Every day, approximately 800 million cubic feet of gas is burned in the oil sands region of Alberta in the extraction and processing of heavy oil and bitumen (see Figure 1).1  The vast majority of this energy is used in the creation of steam for Cyclic and SAGD oil production processes for bitumen extraction from the oil sands. One of the main factors limiting further expansion of the oil sands and heavy oil development in the region is natural gas usage.

A dependable and predictable energy source is required for continued development of heavy oil and oil sands production in Alberta. Natural gas is currently the preferred source; however, the future availability of a natural gas supply for the region and the cost of that supply are unknown variables with significant economic ramifications. Economic justification of new projects under such conditions is, at best, challenging.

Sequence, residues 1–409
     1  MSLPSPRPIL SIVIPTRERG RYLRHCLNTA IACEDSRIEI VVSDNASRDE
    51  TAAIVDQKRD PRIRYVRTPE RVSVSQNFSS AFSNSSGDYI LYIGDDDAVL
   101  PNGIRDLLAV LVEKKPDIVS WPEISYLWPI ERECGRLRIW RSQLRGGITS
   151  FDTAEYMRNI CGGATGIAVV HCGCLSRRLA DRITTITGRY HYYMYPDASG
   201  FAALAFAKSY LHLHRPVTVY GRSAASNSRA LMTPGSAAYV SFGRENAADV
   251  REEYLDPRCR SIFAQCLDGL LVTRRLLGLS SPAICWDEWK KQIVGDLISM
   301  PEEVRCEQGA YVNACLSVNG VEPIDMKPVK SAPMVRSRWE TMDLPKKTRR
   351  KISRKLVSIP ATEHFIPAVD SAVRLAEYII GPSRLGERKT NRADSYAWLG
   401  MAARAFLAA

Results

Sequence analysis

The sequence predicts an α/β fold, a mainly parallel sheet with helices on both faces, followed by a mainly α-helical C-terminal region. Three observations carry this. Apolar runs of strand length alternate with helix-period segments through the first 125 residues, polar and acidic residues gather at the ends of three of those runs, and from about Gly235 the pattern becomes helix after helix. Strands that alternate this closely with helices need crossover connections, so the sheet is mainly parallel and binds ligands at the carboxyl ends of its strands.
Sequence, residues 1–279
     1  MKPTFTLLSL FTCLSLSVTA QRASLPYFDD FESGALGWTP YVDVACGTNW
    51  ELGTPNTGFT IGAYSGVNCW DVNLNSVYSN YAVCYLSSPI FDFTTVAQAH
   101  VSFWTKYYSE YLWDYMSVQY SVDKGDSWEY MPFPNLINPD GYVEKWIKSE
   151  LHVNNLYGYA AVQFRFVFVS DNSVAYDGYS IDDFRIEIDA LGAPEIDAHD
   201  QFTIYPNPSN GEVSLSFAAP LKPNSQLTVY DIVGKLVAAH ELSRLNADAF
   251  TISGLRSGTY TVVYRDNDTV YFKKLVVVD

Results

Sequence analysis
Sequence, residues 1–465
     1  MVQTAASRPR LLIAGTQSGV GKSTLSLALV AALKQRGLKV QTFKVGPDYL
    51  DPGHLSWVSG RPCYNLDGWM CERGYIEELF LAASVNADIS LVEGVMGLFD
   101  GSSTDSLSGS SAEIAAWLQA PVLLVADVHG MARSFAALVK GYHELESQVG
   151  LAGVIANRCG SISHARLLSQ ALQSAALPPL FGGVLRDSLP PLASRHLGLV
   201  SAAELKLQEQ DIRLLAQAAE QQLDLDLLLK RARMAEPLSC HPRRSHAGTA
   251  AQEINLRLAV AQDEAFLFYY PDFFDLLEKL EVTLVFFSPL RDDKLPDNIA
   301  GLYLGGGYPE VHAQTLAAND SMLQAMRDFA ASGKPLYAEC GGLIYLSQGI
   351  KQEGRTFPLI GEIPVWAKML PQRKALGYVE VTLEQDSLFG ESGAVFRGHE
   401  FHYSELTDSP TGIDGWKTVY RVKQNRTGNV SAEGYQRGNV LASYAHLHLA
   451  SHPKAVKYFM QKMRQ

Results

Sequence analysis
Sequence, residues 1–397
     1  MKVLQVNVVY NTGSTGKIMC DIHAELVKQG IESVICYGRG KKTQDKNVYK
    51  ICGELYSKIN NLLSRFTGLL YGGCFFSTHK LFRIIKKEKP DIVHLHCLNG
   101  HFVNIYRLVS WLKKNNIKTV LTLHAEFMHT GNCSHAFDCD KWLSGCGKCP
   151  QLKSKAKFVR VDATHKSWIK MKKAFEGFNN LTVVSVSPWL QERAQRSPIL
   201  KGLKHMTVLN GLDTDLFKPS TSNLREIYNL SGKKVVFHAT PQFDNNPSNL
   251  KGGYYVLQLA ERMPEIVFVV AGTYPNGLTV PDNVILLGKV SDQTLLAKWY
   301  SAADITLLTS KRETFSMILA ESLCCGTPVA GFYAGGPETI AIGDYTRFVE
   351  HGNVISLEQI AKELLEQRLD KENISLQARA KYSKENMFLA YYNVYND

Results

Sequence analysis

Alberta, and clearly the world, is sitting on a virtually unlimited supply of usable geothermal heat energy that would be an attractive solution to the oil sands energy source problem. The green aspects of geothermal energy are appealing for both ethical and political reasons. Of even greater importance to the bitumen producer is that geothermal energy has the potential to provide a significantly positive impact to project economics – the future availability of an energy source that is guaranteed and at a known cost.

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